Monday, July 25, 2011

Record Keeping for Sandpaper Letters

This Fall will mark the beginning of my sixth year in the classroom - where has the time gone?!  While I have learned much over the years, I have yet to find an ideal method of keeping records specific to Sandpaper Letters.  Last year, I kept a separate notebook for keeping record of introduction of sounds and Sandpaper Letters.  At first, this was ideal in the sense that I could easily find each child's record and see which sounds and (later) letters had been introduced.  After a while, however, it felt as if I was loosing track as to which letters the child had already mastered and which ones still needed practice.  For this reason, I wanted to find a solution and better way to keep record within the records!

Thankfully, during the Language Oral Exam at the beginning of this summer, one of our instructors shared with us an interesting method of record keeping for Sandpaper Letters.  First, each child has their own booklet with the entire alphabet on the inside cover while the remaining pages are blank.  There are enough pages for one letter per page.
 
I've made one booklet for each child - they are delightfully small, only about 2x3 inches.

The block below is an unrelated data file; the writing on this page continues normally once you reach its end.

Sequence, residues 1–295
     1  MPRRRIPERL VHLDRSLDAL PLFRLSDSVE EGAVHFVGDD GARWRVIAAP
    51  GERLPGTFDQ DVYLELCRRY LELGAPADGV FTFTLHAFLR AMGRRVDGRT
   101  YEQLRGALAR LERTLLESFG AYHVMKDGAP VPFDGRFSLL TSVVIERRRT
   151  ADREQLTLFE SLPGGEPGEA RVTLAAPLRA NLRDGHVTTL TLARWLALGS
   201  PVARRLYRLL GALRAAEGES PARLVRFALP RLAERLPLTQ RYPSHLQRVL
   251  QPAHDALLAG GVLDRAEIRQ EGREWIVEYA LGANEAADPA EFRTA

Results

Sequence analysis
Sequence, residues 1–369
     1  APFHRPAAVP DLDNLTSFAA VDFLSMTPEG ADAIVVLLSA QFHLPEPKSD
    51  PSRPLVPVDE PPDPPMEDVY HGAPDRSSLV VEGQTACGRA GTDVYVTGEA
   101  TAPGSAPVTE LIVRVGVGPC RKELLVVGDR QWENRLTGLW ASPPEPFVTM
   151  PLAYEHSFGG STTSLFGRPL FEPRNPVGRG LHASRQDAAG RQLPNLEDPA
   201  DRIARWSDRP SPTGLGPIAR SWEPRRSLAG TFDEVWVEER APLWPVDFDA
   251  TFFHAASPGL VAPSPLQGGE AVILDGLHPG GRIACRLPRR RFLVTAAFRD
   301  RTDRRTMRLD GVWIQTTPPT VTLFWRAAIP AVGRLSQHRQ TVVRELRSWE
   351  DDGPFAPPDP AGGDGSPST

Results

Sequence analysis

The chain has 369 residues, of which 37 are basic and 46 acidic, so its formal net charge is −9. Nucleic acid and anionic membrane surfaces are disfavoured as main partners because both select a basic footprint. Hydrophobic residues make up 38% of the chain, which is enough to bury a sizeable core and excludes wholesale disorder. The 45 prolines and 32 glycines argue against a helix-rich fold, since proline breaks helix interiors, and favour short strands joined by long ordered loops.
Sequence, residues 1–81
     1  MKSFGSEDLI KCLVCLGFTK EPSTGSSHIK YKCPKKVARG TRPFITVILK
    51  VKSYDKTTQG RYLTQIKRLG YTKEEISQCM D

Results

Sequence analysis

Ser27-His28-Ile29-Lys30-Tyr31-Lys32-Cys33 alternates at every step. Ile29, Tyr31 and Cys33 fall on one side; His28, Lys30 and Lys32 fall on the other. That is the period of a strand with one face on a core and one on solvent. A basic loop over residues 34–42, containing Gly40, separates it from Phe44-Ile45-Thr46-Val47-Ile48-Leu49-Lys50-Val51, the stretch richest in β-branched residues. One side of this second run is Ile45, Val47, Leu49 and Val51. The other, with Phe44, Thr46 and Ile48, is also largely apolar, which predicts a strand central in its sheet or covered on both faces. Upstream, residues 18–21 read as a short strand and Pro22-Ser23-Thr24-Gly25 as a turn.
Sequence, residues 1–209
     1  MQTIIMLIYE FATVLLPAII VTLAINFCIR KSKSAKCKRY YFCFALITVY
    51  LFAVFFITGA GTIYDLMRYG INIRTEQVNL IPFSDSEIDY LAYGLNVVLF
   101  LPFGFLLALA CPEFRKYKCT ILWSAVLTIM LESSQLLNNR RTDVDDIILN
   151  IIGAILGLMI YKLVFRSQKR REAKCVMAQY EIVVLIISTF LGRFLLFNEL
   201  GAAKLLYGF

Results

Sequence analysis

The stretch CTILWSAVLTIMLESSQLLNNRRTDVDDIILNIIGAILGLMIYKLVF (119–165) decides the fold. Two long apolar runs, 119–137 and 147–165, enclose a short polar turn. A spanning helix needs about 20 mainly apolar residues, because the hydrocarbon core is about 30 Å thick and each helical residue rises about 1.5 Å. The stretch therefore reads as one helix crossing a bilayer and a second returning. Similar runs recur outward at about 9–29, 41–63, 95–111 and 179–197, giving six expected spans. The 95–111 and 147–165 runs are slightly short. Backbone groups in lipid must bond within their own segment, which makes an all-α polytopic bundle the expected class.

Here is a closer look at the alphabet on the inside cover:

Handwritten in cursive.
 Once a child is introduced a letter, a mark is made like this (on the letter on the inside cover...):



As the child works to master the letter, a second mark is made:



When the child masters the letter, a final mark is made, completing a triangle around the letter:


As each letter is mastered (not necessarily in order), the teacher (or child) writes the letter on a page in the booklet.  The booklet stays at school until all letters are complete.  Eventually, the entire booklet has one letter on each page which the child can use to review.


I plan to keep them in the classroom using this adorable basket on a shelf...Seriously,  how much fun will this be to carry to each lesson?!
 I appreciate how this method not only helps the teacher keep track of progression within the lessons of the Sandpaper Letters, but also the child has a beautiful booklet to take home and share with family.  I know that the children in my class LOVE to take home booklets that are part of lessons we've had together!  Additionally, I feel this method gives the child more opportunities to see the written symbols (inside cover) as we work through the letters.  Likewise, my assistant can easily surmise by looking at through the booklet which letters the child has worked on and which ones still need a lesson.

It will be exciting to implement this new method of record keeping for Sandpaper Letters in the classroom this Fall. In case you are wondering, yes, we use cursive for teaching writing in my class...  you can read more about it in this post.  Also, I'd be most interested in hearing how others record lessons for Sandpaper Letters in your classrooms!

14 comments: